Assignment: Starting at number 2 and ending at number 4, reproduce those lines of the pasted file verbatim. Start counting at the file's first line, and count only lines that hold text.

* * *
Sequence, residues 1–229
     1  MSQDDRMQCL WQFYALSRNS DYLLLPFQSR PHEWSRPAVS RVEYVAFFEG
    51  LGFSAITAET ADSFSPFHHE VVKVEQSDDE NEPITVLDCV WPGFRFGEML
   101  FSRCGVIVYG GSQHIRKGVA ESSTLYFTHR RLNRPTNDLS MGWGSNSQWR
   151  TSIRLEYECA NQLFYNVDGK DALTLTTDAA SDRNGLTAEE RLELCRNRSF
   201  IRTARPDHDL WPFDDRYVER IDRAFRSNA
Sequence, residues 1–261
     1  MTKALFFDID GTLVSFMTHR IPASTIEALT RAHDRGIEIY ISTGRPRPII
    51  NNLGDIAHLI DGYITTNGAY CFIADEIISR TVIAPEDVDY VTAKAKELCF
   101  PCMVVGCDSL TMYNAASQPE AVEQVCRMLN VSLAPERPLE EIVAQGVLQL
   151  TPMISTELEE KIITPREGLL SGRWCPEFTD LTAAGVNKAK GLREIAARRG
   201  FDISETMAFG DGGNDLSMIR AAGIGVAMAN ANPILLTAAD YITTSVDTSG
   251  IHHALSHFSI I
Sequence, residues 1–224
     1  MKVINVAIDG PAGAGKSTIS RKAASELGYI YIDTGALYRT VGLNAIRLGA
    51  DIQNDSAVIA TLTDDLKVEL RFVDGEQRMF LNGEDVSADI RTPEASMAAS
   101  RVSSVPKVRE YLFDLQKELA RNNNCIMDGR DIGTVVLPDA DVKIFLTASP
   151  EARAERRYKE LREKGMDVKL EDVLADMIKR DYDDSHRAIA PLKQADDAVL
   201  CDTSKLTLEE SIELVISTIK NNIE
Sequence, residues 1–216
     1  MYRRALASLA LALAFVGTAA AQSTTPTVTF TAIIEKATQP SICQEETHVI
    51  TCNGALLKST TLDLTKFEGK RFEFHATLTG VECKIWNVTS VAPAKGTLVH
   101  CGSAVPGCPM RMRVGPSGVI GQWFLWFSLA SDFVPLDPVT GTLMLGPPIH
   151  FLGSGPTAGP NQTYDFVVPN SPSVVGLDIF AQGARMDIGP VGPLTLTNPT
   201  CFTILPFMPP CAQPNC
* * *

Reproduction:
     1  MSQDDRMQCL WQFYALSRNS DYLLLPFQSR PHEWSRPAVS RVEYVAFFEG
    51  LGFSAITAET ADSFSPFHHE VVKVEQSDDE NEPITVLDCV WPGFRFGEML
   101  FSRCGVIVYG GSQHIRKGVA ESSTLYFTHR RLNRPTNDLS MGWGSNSQWR